I would like to draw attention to a detail on a medallion deigned by Sergey Chekhonin (Tchehonine), from 1918.* On Chekhonin’s work of art an able-bodied female and a ditto male are depicted. The female stands before a cropland. She is carrying a sickle and a spade and so represents farmers. The male stands before a factory. He is holding a sledgehammer in his right hand, thereby seems to represent (despite Chekhonin’s choice of a non-factory tool as symbol) industrial workers. Behind him, on the ground, rests a parcel, perhaps with goods from his workplace. In his left hand – and it is this detail I found surprising – he carries a caduceus.
From the late 19th and early 20th century, we spot the caduceus – or Mercury himself, or symbols associated with him (especially his winged helmet) – on trade union banners and emblems. In Sweden and Denmark – and certainly in the countries that harboured workers’ movements that influenced the culture of these small countries, Germany and Britain above all – the banners and emblems decorated with this symbolism belong to unions that organized personnel working in shops, offices and akin workplaces.** This is hardly surprising since Mercury (Hermes) famously is, among other things, the god of commerce.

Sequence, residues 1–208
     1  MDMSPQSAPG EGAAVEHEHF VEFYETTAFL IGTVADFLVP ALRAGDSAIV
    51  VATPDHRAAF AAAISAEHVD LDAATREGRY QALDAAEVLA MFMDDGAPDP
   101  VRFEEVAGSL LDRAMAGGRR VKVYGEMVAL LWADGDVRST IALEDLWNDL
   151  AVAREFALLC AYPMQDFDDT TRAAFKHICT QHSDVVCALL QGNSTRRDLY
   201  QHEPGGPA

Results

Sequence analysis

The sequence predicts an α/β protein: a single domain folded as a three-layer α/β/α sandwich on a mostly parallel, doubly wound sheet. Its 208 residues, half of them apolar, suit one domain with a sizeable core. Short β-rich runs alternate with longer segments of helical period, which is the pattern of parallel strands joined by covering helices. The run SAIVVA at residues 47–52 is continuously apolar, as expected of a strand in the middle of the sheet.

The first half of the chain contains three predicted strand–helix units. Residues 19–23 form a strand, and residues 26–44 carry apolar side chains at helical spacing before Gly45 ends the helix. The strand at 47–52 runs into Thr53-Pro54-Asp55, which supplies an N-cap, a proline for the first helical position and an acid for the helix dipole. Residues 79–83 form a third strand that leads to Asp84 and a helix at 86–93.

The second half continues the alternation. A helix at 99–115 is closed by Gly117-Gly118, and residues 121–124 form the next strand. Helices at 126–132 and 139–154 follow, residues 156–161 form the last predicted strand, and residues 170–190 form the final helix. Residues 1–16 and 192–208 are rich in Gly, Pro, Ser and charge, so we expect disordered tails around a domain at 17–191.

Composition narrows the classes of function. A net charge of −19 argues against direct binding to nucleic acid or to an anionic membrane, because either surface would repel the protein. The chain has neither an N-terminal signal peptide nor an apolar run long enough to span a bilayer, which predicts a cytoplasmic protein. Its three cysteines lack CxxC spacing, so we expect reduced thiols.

Is it possible that Chekhonin, fashioning this medallion, choose to use two symbols for farming, one for industrial production and one for commerce? Considering the emphasis of the Marxist Bolsheviks on the historical role of the industrial proletariat, this interpretation doesn’t strike me as entirely convincing. But I am not able to come up with a better one.
* Medallion from Richard Stites, Revolutionary dreams: utopian vision and experimental life in the Russian Revolution, Oxford University Press, New York, 1989.
** Banners from trade unions for personnel working with commerce (and in offices). From the Danish city of Herning “with surroundings” (reproduced in Henning Grelle, Under de røde faner: en historie om arbejderbevægelsen, Fremad, København, 1984) and the Swedish city of Norrköping (reproduced in Margareta Ståhl, Vår enighets fana: ett sekel fackliga fanor, LO, Stockholm, 1998).